Monday, June 15

a cool first


XERO Project, a proposal for an "X" of greenways and zero-energy building design in downtown Dallas, earned one of three first-place prizes in the Re:Vision Dallas design competition on May 28, 2009. The juried competition—led by The City of Dallas and Urban Re:Vision in partnership with Central Dallas CDC and BC Workshop—sought visionary ideas in sustainable urban and architectural design by asking the question, "What if one block in Texas became the sustainable model for the world?" The competition team awaits a meeting with the Central Dallas CDC to present their design and to build the most sustainable district in America.

Thanks to City Farmer News, i love these news pieces, they make my day coz change cant happen without political support and leadership.

9 comments:

Annuska said...

Hi Kel!
I just sent you a link to Inhabitat- they send you info on such undertakings and other design issues through Facebook.
I think you will like it!

wombat064 said...

And if only they could do something like this in Australia.

Kel said...

annuska- thanks for that link- full of amazing stuff.

wombat- hello! yes, sigh. we can dream huh?

Jen said...

Yes, but why does it need to be a facade of glass and steel which rate so highly in embodied energy?...(I just love to critique this sort of stuff!)

Jen said...

Ive a had a better look at it now, and I guess I dont believe it can be 'zero energy'...but its an aspirational project and its great to see this sort of thing valued by the judging panels, and its not without design nouse...

Kel said...

im of the understanding that zero enery is a calculation based in zero sum inputs and outputs , so technically possible.

Jen said...

Yes, absolutely! I dont know a whole heap about this but there are people that look at the cradle to cradle cost of buildings in terms of energy (check out Robert and Brenda Vale). But it seems to me it is always a matter of what is included in the calculation of 'energy in and energy out'. Alot of new "zero energy" projects include only the operating cycle of the building in these assessments. This means that they may have incredibly energetically expensive environmentatal systems (PV arrays, etc) but are 'zero energy' if you only look at what happens after the building is occupied. (ie: the 'carbon' running costs associated with the running of the buildings environmental systems.)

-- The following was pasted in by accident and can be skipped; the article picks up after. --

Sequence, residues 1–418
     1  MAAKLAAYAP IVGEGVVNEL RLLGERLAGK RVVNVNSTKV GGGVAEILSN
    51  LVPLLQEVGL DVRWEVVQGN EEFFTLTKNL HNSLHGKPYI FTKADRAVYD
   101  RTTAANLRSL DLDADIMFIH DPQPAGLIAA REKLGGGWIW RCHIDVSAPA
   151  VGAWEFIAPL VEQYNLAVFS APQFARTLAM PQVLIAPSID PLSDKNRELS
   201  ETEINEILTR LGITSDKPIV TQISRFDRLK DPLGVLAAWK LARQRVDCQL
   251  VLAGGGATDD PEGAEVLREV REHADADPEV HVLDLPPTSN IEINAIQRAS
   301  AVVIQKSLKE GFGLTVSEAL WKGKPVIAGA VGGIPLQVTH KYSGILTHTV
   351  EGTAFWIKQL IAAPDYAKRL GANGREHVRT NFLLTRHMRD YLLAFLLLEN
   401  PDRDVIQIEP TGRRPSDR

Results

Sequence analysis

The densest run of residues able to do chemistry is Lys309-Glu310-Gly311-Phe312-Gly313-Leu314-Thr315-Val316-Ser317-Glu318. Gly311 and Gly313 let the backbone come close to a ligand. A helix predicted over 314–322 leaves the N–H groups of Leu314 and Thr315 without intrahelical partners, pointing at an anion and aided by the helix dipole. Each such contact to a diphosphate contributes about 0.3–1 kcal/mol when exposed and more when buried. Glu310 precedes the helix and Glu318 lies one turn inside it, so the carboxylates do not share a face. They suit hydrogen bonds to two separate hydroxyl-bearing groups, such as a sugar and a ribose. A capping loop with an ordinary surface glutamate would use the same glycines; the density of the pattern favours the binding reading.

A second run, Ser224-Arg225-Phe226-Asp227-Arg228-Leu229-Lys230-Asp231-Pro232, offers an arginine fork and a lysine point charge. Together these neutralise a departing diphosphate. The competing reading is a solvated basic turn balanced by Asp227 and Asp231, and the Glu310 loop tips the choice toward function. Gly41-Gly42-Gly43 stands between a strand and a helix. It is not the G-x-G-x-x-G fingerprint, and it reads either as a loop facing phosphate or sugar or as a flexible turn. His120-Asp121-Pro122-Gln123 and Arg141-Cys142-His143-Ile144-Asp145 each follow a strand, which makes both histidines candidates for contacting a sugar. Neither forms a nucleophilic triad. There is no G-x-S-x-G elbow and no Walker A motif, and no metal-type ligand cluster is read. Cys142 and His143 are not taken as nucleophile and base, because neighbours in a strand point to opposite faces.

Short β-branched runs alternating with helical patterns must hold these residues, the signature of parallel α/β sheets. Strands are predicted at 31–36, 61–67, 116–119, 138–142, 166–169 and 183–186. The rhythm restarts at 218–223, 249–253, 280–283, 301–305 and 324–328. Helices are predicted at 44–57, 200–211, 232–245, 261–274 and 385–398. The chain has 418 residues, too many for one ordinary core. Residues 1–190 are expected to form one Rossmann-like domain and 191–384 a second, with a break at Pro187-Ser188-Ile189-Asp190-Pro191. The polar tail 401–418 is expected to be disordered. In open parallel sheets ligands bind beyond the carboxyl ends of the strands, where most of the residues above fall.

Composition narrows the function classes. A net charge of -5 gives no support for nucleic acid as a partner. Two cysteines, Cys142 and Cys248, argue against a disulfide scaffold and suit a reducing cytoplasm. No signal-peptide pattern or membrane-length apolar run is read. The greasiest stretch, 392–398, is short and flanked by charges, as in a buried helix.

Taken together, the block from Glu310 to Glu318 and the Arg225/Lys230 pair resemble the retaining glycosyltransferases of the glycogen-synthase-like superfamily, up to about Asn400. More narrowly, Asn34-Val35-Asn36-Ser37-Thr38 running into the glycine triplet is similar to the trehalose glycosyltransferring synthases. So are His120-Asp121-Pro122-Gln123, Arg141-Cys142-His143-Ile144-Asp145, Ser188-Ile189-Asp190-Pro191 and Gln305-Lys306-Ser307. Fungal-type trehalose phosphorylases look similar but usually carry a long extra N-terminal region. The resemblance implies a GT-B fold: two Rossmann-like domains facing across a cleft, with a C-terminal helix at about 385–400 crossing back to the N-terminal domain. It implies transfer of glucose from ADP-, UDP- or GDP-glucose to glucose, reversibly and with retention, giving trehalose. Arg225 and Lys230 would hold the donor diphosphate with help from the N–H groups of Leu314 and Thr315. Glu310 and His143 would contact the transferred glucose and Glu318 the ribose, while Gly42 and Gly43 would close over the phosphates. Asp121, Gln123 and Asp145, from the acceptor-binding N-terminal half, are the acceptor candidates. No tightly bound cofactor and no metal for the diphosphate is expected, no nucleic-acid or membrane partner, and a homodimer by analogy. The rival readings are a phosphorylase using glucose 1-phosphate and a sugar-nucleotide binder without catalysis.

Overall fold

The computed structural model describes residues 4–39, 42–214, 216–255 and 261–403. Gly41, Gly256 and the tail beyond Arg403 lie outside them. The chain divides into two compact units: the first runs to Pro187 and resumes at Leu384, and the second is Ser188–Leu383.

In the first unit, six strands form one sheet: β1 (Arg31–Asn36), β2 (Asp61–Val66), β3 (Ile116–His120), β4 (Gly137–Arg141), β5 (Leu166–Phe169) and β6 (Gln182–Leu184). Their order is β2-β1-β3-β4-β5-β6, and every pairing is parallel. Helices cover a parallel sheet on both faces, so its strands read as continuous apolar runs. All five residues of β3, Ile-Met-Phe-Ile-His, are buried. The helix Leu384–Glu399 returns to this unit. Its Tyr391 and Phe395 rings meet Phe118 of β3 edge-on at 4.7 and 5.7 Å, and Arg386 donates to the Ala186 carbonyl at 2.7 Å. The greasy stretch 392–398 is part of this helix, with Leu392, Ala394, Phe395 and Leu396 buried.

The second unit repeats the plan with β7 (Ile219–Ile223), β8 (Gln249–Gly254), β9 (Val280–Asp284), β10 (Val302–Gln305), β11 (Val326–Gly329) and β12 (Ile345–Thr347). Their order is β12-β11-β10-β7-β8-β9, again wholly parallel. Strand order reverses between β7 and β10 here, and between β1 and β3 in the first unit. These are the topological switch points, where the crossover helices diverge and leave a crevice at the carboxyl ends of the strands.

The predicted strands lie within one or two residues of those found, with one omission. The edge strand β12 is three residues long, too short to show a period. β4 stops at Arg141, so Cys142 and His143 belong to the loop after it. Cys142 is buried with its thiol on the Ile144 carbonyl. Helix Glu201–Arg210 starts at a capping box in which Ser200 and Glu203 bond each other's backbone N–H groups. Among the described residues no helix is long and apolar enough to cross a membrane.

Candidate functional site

But even this is a step in the right direction, and competitions like this generate positive press about better ways of doing things!
When architects start recycling buildings, mindful of the embodied energy they are 'saving', I am more convinced.

Jen said...

Thanks for this post Kel, this post has got me fired up and thinking about this project more and more. The best thing about the design, in my opinion, is the integration of landscape (greening) strategies into the architecture, and the creation of 'food', and its exchange in and around the place where people live. Great news for locavores, and signifying a shift in thinking about this whole economy around food production. Yeah! This is potentially real and positive change, and it sounds like it will go ahead. But how to implement this in such a way that the community gets behind this? This is sometimes a hopeful notion when our capitalist economy offers the ease and culturally sanctioned 'supermarket' and 'mall' as place to shop. Its not architects that make this stuff work, its communities.

Also, I would have to agree, in part, with this criticism of the project, cited on the link:

Navin R Johnson Says:
June 12th, 2009 at 1:43 pm

'It seems like this project relies on the dream of a large scale urban planning project for the success of its implementation. At the scale of the city block it is just a high-rise bar building in a park. In essence it is an unconvincing revision of Le Corbusier’s Unite block.'

What this suggests is that there may be new models for this kind of 'green building' that need not be executed on this scale, and this architectural format.

This is the stuff my final year architecture students are pondering... big questions, great questions...thanks!

Kel said...

Jen- hehe..glad to provide you with some fire fodder, thats always the plan! Its the integration into urban space the old fashioned concepts of food production and potential reconnection which so many people are yearning for and dont know how to find it or what it may look like. enjoy your day!